How do you feel about software patents?
Microsoft is having some difficulty with a particular patent that is being widely reported as having something to do with XML. Back in 2009 Microsoft lost a jury trial over the patent and as a result it was ordered to remove an XML editor from Word 2003 and 2007 and to pay $290 million in damages to i4i.
Microsoft's first reaction was to appeal but the original verdict was upheld. Now Microsoft has just lost its battle to have a patent held by i4i revoked. Microsoft hasn't quite given up just yet and according to a spokesperson is considering a number of options including a petition to the supreme court.
What you think about this situation does very much depend on what you think about the whole idea of a software patent.
If you think that patenting the idea of a loop or some novel sorting method is just plain silly because most algorithmic inventions are too obvious to be patentable then you might think that even when the small firm wins it is still an injustice.
Yes, it is difficult to have any sympathy for Microsoft who, if the tables were reversed, would have no hesitation in enforcing its legal rights. However the whole issue really does hinge on the validity of the patent and not on any sympathy for the "little guy".
The first thing to say is that if an inventor has a good and new idea then without doubt there should be some protection from others simply using it without recompense. On the other hand we all know that the patent office isn't always the best judge of what is novel simply because it often requires a lot of very specialized knowledge to determine the validity of an idea. It is also possible to make the common place look like something very special by wrapping it up in complex jargon.
So what is the i4i patent all about?
First it is important to know that you can actually read the patent without charge at http://www.google.com/patents. To look it up all you need to know is that it is patent 5787449 - simply search for the number.
While most reports of the legal goings on are stating that the patent covers something or other to do with XML the truth is that it is about something rather wider.
The whole idea of a markup language like XML is that you embed codes or metatags within a document and the position of the code generally determines the text or in general the data it modifies. That is, the metacodes are embedded.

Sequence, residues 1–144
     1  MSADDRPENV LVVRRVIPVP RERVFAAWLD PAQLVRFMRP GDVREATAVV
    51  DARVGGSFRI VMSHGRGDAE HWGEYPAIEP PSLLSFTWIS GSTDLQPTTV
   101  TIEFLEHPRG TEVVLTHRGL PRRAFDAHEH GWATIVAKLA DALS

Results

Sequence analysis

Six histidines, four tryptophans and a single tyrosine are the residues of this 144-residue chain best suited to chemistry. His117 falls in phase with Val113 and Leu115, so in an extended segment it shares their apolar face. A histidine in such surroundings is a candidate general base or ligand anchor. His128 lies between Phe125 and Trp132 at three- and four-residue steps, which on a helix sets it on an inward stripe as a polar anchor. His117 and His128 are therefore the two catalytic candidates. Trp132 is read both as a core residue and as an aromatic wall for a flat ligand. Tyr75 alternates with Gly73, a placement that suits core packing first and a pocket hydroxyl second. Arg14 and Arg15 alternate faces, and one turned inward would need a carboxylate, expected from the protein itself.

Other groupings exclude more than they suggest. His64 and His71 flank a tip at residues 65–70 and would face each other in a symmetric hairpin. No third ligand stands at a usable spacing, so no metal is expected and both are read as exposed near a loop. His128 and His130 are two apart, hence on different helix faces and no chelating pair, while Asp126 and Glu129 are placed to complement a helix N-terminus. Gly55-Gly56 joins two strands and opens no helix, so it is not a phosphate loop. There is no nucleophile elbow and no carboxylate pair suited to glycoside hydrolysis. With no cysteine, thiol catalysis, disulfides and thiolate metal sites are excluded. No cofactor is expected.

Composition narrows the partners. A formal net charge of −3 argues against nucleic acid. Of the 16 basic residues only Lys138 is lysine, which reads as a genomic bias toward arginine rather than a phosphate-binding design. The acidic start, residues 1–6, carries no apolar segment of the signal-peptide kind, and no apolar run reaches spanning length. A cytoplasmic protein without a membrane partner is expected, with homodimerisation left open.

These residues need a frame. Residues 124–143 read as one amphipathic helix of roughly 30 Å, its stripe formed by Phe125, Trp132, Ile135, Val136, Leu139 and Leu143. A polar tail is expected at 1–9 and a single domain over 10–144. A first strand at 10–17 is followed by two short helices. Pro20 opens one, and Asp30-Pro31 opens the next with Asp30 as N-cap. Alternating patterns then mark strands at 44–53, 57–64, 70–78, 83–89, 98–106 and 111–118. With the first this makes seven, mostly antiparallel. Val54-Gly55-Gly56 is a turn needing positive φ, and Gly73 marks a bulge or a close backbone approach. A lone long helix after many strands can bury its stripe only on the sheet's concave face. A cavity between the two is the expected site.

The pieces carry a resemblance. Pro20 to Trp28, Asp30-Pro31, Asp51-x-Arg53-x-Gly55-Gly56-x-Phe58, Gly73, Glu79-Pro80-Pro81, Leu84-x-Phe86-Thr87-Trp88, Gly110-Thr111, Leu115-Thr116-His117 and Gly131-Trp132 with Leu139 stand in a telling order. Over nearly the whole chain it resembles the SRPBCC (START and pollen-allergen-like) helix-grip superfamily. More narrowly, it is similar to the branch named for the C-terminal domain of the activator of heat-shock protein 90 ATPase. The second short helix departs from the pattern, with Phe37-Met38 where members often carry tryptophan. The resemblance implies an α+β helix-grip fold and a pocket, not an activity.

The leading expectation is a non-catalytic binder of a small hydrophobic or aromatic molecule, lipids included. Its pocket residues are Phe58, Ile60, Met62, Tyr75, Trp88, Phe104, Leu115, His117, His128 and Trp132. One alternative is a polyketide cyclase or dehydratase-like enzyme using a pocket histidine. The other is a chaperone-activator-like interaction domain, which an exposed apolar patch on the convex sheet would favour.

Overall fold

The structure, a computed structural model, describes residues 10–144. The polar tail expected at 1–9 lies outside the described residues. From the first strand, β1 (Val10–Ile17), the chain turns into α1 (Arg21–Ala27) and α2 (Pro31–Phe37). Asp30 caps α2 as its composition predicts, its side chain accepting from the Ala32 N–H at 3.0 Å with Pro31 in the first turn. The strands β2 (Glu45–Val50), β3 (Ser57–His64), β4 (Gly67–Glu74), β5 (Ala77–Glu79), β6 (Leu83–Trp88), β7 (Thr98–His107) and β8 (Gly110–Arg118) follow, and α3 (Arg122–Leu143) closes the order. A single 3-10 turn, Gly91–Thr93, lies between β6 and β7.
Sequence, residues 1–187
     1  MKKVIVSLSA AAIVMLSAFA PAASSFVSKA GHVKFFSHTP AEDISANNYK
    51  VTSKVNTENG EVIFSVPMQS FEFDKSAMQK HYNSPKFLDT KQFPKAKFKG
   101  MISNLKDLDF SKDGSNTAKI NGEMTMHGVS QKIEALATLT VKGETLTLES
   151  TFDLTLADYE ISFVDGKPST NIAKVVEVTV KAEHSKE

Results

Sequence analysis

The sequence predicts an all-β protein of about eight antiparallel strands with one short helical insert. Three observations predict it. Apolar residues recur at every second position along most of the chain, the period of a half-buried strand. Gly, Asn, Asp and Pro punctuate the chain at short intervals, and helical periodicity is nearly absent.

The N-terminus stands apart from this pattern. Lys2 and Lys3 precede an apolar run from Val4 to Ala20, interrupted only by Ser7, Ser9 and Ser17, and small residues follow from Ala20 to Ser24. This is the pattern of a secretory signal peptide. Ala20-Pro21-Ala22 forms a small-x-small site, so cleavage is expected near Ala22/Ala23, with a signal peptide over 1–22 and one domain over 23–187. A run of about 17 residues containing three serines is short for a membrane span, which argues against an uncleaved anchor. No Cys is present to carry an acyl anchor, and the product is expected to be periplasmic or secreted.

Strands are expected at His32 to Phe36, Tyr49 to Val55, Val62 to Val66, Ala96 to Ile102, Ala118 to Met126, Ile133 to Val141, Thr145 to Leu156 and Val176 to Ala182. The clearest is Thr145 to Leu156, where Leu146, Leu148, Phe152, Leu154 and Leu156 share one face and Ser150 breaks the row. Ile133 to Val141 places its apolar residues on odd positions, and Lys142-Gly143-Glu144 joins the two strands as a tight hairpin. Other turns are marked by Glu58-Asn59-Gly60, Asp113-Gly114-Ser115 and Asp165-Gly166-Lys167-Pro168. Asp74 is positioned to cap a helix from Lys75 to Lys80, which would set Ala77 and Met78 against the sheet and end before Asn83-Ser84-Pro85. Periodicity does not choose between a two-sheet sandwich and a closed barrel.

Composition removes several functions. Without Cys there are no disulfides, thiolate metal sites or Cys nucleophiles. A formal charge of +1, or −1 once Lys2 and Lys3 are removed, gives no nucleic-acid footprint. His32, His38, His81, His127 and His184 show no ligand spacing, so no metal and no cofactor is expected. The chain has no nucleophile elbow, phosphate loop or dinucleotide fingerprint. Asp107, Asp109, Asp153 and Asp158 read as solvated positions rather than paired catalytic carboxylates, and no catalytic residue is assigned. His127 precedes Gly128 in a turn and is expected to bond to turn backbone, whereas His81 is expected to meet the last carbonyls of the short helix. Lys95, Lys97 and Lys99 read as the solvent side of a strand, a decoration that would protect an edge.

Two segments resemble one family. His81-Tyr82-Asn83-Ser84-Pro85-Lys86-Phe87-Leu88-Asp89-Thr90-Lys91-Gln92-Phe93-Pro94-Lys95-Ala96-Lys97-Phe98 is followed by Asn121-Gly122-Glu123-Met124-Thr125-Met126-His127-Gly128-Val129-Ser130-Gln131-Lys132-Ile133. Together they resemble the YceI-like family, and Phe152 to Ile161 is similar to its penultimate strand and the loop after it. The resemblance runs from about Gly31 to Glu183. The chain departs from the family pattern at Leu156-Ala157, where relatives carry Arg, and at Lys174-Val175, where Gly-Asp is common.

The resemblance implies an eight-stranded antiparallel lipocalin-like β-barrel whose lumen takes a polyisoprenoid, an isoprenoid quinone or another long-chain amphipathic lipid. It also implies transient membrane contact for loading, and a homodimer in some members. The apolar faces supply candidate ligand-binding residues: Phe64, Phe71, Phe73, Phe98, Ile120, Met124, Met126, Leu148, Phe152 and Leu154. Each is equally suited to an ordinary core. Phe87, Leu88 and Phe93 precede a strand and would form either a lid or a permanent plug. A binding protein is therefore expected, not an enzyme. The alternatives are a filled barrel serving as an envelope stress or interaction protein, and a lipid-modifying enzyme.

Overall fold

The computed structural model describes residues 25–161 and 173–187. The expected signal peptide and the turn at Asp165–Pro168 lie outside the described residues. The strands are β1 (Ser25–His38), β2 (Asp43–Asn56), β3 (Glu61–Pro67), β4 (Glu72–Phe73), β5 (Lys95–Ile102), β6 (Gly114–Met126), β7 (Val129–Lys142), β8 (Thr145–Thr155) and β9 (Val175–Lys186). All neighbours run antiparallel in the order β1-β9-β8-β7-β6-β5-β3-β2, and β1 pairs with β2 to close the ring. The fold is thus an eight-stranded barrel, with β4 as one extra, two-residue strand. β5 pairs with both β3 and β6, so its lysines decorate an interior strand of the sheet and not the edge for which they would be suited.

The patent seems to cover the very basic idea of taking the tags or codes out of the document and storing them in a separate location. The areas that the codes refer to in the document are then given by storing an address along with the tag.
The patent, titled Method and system for manipulating the architecture and the content of a document separately form each other, gives a step-by-step account of how to take a document with embedded codes and by scanning and extracting the codes one by one, how to create a separate "metacode" map complete with pointers to where the codes had been positioned and hence to which part of the document they apply to.
The editor that Microsoft had to remove from Word implemented custom XML tags by storing them separately from the document. Now if you try to open a Word document the result is that the tags are just lost. However i4i have an add-in called x4w that will process the document and saves the tags.
So the patent is all about the difference between storing metacodes either embedded with locational meaning or separately with pointers.
So for example,
XML is about <bold>TAGS</bold>
is not covered by the patent but
<bold the fourth word>
XML is about TAGS
is most certainly covered by the patent.
Is this an idea worth a patent?
Is it an idea that had no common use before 1994 - the date the patent was applied for?
What is more surprising is that if the patent is indeed valid it covers a lot more than an out-of-line storage of XML tags but to any system where metadata is stored separately from a document and applied to parts of it using an address or pointer.
Notice that the patent doesn't restrict itself to formatting tags but to any sort of coding you care to think of. For example, the TIFF file format can store a clipping path separate from the image data - which could be regarded as a metacode applied to the document. I'm sure you can think of additional examples.
So are software patents a good thing?
This is a debate we really need to engage in.